Psychological injuries – of the mind or body?18 May 2018
The concept that the mind and body are separate and injuries fall within the scope of psychology and biology respectively – has been enshrined within legal and medical systems on a global scale.
However, recent developments in neuroscience have caused a shift in the perception of psychological conditions, demystifying the place of the mind within the body and providing new information about the extent of damage caused to the brain by psychological conditions.
As a result, there has been an increase in the application of neuroscientific evidence to both civil and criminal matters, particularly in the United States. This trend has continued to an extent in Australia with a landmark decision passed by the Supreme Court in Casey v Pel-Air Aviation Pty Ltd  NSWSC (hereafter Casey v Pel-Air). Although an appeal of the primary decision was successful, both cases demonstrated a willingness by the courts to challenge traditional legal notions about the separation of mind and body
Karen Casey was a nurse employed by CareFlight (NSW) Limited to assist in the transportation of patients by plane. In November 2009 Ms Casey was travelling between Samoa and Melbourne on a plane operated by Pel-Air Aviation Pty Ltd (Pel-Air), when it ditched into the ocean. Ms Casey suffered a number of physical and psychological injuries, and sued Pel-Air for compensation at common law.
Pel-Air accepted vicarious liability for Ms Casey’s claimed complex pain syndrome, major depressive disorder and anxiety disorder on the basis that these were secondary to the physical injuries she suffered and thus fell within the applicable definition, which was that of “bodily injury” rather than “personal injury.” However, with regard to Ms Casey’s post-traumatic stress disorder (PTSD), Pel-Air argued that this resulted from the emotional trauma of the event itself and thus was not a bodily injury for the purposes of Article 17 of the Montreal Convention, which is incorporated into the Civil Aviation (Carrier’s Liability) Act (CACL Act).The fact that Ms Casey suffered from PTSD was not in issue. At first instance, expert evidence provided by Ms Casey’s expert witnesses was that PTSD as a condition in general, is caused by chemical changes and disruption to the brain’s neurotransmitter pathways. On the basis that Ms Casey was suffering PTSD, a mental dysfunction caused by changes to the brain, Schmidt J intuitively held that her PTSD was a bodily condition for which she should be compensated.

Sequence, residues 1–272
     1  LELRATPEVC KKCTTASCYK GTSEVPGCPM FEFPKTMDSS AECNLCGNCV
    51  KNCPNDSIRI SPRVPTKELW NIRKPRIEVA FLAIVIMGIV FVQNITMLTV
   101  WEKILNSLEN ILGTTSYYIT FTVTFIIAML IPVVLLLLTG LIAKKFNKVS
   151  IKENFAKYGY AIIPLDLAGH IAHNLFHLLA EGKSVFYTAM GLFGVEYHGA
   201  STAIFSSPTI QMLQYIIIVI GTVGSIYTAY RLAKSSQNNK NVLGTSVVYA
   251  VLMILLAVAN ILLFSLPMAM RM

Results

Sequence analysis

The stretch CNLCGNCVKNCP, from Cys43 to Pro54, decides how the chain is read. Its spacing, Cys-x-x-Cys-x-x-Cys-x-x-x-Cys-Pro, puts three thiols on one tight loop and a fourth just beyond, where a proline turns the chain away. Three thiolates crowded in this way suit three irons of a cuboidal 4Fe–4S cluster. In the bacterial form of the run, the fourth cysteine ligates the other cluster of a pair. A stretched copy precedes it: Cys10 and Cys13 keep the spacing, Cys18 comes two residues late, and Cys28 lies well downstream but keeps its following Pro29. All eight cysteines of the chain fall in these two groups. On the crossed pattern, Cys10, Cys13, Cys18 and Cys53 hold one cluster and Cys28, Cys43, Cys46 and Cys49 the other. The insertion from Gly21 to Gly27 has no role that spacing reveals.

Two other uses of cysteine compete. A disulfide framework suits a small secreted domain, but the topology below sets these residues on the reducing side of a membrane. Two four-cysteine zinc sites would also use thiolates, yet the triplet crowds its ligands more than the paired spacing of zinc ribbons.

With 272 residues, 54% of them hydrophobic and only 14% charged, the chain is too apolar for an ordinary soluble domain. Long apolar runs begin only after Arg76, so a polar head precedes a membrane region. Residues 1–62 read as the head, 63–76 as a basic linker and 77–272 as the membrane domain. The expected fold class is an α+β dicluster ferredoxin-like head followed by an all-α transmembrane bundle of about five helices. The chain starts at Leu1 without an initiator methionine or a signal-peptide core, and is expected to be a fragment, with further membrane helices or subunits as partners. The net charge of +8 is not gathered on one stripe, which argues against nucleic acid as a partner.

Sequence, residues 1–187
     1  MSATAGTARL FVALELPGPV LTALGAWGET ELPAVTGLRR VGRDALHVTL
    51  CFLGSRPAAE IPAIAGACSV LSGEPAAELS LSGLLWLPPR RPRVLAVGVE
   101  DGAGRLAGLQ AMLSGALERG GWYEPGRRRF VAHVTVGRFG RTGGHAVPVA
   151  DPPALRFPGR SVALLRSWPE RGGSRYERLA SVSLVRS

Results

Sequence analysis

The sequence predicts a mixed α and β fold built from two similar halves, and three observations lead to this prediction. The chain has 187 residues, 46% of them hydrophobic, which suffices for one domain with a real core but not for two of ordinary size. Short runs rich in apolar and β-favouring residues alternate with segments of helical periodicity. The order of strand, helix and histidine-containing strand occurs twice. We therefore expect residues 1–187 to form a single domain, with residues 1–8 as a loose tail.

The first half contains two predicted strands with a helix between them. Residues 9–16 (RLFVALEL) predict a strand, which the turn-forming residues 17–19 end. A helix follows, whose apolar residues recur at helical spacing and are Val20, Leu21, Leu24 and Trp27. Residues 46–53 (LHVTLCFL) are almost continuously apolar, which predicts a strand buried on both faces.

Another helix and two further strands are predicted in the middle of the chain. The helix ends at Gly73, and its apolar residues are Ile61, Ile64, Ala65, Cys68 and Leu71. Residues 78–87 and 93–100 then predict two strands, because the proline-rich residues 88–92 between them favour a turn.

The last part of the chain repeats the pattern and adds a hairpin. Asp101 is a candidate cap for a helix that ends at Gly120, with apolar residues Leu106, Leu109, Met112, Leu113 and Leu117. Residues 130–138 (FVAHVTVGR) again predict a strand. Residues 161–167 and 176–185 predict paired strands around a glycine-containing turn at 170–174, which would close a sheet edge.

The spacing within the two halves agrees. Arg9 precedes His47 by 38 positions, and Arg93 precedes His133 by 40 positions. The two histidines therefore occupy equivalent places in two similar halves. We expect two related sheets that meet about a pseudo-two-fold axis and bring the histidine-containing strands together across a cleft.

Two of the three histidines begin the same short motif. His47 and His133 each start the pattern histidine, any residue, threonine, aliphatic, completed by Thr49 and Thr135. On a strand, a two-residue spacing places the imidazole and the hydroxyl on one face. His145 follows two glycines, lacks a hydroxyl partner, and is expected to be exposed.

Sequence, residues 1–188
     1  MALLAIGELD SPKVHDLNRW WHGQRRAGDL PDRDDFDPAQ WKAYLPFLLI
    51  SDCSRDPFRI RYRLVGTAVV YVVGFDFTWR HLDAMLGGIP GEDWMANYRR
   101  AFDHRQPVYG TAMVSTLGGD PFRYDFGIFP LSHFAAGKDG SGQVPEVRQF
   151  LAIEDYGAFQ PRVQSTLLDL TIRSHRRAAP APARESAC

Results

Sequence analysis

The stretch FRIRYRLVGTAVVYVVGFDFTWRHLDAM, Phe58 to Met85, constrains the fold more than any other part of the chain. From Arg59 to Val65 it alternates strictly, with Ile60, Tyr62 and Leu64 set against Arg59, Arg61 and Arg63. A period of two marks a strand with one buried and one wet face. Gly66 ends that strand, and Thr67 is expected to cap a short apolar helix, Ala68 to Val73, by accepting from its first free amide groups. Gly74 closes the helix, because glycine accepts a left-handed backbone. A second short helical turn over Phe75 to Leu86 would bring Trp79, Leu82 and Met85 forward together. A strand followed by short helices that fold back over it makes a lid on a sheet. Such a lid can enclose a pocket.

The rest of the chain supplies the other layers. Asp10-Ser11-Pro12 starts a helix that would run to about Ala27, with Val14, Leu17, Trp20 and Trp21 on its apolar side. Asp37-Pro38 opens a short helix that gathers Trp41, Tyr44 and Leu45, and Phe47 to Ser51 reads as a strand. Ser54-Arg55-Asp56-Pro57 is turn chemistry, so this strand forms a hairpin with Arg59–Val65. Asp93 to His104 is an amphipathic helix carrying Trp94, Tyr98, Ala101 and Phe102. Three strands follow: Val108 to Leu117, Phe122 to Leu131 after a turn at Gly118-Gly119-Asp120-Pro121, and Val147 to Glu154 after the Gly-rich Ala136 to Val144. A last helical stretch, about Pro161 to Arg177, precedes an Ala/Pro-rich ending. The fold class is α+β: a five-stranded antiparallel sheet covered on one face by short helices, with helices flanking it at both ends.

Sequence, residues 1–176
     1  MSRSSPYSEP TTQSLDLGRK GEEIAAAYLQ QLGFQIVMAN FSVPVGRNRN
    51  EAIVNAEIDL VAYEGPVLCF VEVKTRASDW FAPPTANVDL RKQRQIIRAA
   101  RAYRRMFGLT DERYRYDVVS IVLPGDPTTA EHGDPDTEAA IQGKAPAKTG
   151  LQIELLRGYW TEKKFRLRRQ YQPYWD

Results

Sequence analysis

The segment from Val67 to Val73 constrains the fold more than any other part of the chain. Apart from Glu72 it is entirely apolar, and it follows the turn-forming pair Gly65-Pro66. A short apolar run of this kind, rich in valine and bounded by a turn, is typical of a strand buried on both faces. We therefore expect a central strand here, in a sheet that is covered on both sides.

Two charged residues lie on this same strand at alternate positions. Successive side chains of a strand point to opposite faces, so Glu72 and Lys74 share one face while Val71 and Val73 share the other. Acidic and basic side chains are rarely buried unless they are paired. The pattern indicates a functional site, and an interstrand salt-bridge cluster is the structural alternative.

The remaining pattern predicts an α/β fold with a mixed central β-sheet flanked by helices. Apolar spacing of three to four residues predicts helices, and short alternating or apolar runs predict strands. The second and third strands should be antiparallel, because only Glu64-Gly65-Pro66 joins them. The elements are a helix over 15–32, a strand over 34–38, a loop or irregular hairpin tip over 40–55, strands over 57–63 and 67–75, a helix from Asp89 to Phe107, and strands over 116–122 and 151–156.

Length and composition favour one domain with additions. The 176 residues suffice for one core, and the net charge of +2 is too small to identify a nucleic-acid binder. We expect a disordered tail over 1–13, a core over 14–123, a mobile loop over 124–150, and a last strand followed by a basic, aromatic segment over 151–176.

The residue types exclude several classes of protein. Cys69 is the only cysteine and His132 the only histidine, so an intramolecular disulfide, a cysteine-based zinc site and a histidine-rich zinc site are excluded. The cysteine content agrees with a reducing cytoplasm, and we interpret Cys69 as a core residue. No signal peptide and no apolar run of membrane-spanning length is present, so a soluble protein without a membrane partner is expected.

However, upon appeal Macfarlane JA, Ward JA and Gleeson JA reversed the decision. Macfarlane J held that in order for the Court of Appeal to uphold the Schmidt J’s ruling it would need to be established that Ms Casey had suffered “physical destruction” to her brain which caused the PTSD, rather than mere chemical changes. Thus in the absence of physical evidence proving Ms Casey’s brain was impaired, any finding of bodily injury was unsubstantiated and Ms Casey was deemed not entitled to compensation for her PTSD condition pursuant to the CACL Act.
Where traditionally psychological illness and trauma were considered ‘mental’ issues only, neuroscientific testing can now be applied to determine whether the condition resulted from changes or damage to the brain. This is an advance upon structural neuroimaging studies such as CT scans and diagnostic MRI scans which have long been admitted as evidence to determine the presence of brain injury, trauma and health conditions such as dementia.
Advances in neuroscientific research and technology allowing non-invasive detection of brain activity challenge the approach upon which our medical and legal systems were founded, by providing new appreciation of the brain, its relationship to the mind, and place and function within the body.
With the court’s readiness to consider neuroscientific evidence, it is inevitable that the demarcation between mind and body will continue to be blurred and possibly eliminated altogether in criminal and civil proceedings.